"Although only 40% had voted for Poland in the plebiscite, by the decision of the Council of the League of Nations Poland obtained almost exactly half of the 1,950,000 inhabitants, viz., 965,000, but not quite a third of the territory, i.e., only 321,426 ha (1,255 sq mi) out of 1,095,089 ha (4,265 sq mi). "

This full of grievance sentence is POV. Why? German majority in the plebiscite was made up by emigrants, that didn't actually live in the province. If you give 48% of population living there to Poland and from results of the plebiscite is clear the similar number people voted for Poland, it is fair I think. What a problem for a men from Bochum, that Chorzow was given to Poland? If the regions voting for Poland in majority only were given to Poland, most Poles would remain in Germany, despite their voting. The next point is that the eventual division was prapared by some comitee of neutral countries. This way is fair I think, but it is omitted in the text.

Another POV of the text is that clear conclusion is that Grenzshutz was formed by the volunteers from outside and it is why this was banned. The ban however was not equally placed on Silesian troops, and an inteligent reader can find out why. Simply it was not a problem. However, the text reverts this and makes impression of not fair treating of Germans. From the text it is not clear, that taking part in the fighting by Brits and Italians was breaching neutrality.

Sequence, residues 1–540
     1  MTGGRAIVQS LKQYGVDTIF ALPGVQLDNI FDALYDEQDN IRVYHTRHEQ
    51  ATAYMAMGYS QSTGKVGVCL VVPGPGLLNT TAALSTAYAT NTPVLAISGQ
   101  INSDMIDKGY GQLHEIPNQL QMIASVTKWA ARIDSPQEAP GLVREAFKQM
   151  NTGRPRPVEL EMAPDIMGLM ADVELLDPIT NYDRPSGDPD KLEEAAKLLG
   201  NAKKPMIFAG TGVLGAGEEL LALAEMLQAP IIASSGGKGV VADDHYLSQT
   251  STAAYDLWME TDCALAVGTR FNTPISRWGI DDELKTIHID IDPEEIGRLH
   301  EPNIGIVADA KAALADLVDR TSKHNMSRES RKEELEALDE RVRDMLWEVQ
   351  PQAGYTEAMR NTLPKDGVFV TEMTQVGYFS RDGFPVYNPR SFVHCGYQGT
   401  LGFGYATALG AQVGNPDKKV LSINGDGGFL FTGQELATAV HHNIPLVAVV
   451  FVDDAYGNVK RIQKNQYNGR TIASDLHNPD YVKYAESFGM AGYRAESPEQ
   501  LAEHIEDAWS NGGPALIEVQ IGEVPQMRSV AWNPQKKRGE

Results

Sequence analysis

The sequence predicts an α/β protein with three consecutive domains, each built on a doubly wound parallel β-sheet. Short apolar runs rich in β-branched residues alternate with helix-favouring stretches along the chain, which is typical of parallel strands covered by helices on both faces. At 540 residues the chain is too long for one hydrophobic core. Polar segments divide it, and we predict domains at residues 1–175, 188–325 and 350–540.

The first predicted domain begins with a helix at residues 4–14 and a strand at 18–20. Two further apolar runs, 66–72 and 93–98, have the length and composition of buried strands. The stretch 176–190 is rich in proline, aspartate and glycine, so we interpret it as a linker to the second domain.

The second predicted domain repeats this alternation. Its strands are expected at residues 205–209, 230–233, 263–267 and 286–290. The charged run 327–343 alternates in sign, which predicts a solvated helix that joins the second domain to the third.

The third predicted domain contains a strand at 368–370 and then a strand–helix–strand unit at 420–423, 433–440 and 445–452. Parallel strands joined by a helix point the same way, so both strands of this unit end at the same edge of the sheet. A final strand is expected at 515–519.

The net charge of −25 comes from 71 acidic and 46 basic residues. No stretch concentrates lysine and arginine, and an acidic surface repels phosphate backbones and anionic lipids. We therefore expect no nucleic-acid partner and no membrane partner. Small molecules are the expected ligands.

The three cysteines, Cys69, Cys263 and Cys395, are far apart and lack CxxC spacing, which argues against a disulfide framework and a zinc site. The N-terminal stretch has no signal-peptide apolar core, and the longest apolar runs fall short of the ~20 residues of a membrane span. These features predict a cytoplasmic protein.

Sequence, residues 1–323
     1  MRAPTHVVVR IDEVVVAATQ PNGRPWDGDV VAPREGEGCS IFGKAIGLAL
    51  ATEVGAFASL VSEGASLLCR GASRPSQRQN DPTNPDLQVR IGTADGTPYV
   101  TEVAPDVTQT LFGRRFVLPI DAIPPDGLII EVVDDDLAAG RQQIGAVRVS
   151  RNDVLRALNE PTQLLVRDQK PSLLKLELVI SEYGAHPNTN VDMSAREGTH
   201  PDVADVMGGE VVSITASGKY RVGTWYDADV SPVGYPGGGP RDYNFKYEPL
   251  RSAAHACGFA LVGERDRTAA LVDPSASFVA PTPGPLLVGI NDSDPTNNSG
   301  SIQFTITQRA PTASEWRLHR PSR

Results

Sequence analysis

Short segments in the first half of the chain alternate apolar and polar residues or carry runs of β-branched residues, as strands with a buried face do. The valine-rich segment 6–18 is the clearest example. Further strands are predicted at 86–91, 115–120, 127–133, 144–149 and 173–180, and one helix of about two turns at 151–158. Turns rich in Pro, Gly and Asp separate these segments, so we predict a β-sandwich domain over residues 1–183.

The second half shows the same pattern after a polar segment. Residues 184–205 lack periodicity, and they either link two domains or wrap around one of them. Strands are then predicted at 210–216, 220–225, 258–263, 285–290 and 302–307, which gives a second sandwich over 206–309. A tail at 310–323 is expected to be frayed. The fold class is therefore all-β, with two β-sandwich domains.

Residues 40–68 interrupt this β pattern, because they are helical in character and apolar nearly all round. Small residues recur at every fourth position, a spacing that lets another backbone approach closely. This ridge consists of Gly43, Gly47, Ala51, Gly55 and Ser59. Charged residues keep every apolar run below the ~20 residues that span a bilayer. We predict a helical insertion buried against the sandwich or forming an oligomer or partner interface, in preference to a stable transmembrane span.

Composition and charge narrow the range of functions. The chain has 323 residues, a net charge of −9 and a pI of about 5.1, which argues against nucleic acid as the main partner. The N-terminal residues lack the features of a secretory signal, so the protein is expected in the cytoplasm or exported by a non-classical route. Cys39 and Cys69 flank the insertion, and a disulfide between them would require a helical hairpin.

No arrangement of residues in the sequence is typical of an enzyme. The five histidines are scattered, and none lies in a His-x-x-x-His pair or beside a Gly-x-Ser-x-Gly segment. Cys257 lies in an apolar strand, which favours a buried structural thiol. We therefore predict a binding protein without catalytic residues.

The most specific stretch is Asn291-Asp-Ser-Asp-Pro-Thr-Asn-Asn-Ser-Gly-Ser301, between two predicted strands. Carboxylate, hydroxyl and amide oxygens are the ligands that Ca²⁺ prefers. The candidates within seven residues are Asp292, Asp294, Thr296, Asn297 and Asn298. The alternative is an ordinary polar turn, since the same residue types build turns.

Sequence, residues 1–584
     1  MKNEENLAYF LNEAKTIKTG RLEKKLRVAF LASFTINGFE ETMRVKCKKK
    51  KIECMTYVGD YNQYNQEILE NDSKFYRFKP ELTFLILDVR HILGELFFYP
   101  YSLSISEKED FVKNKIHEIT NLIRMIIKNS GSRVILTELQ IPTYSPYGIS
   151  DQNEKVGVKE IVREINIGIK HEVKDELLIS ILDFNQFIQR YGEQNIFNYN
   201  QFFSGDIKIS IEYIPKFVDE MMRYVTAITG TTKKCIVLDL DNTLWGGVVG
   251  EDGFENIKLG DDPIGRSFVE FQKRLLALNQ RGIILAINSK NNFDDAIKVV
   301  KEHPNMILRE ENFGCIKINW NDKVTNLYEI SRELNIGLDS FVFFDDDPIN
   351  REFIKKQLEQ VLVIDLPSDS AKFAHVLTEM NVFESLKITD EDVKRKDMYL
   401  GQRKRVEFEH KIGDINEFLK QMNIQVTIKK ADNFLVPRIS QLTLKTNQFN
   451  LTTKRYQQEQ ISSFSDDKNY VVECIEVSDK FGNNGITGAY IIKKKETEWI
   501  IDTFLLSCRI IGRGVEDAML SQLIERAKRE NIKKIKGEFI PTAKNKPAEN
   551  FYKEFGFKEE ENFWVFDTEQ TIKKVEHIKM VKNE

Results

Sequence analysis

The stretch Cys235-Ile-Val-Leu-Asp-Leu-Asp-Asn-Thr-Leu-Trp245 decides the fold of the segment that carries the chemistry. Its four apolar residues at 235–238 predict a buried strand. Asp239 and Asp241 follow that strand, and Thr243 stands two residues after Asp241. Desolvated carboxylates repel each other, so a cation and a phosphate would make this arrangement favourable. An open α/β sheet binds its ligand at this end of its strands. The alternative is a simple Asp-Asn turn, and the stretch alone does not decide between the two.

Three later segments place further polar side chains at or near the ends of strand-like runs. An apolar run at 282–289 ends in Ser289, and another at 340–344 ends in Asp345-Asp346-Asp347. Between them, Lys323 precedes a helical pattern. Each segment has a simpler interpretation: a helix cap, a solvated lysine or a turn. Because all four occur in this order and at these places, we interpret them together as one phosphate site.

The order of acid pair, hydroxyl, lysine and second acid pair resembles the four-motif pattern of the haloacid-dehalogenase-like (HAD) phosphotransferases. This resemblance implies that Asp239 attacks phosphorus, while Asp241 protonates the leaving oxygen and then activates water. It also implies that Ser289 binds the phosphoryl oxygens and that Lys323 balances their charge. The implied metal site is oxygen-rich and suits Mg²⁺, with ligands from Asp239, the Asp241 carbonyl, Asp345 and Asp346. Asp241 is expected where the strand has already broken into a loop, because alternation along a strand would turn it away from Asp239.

Another point: taking into account Prussian census and the results of the plebiscite, it is clear that at least some group of Poles voted for Germany. The secret is why?


The result of the plebiscite was a great surprise for Poland and her friends. Simply this is POV statement based on some kind assumptions. It is assumed that Poles expected better result and Poles failed. The sentence makes Poles loosers. The whole text is aimed to make impression, that they were loosers, but unfair decisions of foreign powers made them partly winners without their own achievements. This is clear POV. Why don't we state, that for few centuries Germans believed that Silesia is German, and suddenly the guerilla army rises against them, half milion voters against. I am sure they were surprised! It is better to remove such a clear subjective "POV-builders" and talk about facts.

The whole text is German plebsicite propaganda. I think that we cannot avoid POV, but at least try to make some balance. Cautious 17:07, 24 Mar 2004 (UTC)

One example Tost-Gleiwitz: one of the kreise that wasn't eventually given to Poland. According to statistics, out of 100 places, merely 10 voted for Germany. Yes, those 10 were cities and it gave German side a lot of votes. What I said is true: most of area of voted for Poland. http://www.oberschlesien.de/Abstimmung/tostgleiwitz.html Cautious 17:53, 24 Mar 2004 (UTC)


As someone 'new to this page' I will rewrite it - long sentences etc. Is there a standard layout for this topic/area?

Jackiespeel 17:23, 9 Aug 2004 (UTC)


References[edit]

As part of the Cleanup Project, I am heavily editing this article. I see absolutely 0 citing of sources. So I am removing anything that is real specific in terms of numbers. If someone wants to restore that stuff, that is fine, but PLEASE cite some references. --Woohookitty 05:25, 24 Apr 2005 (UTC)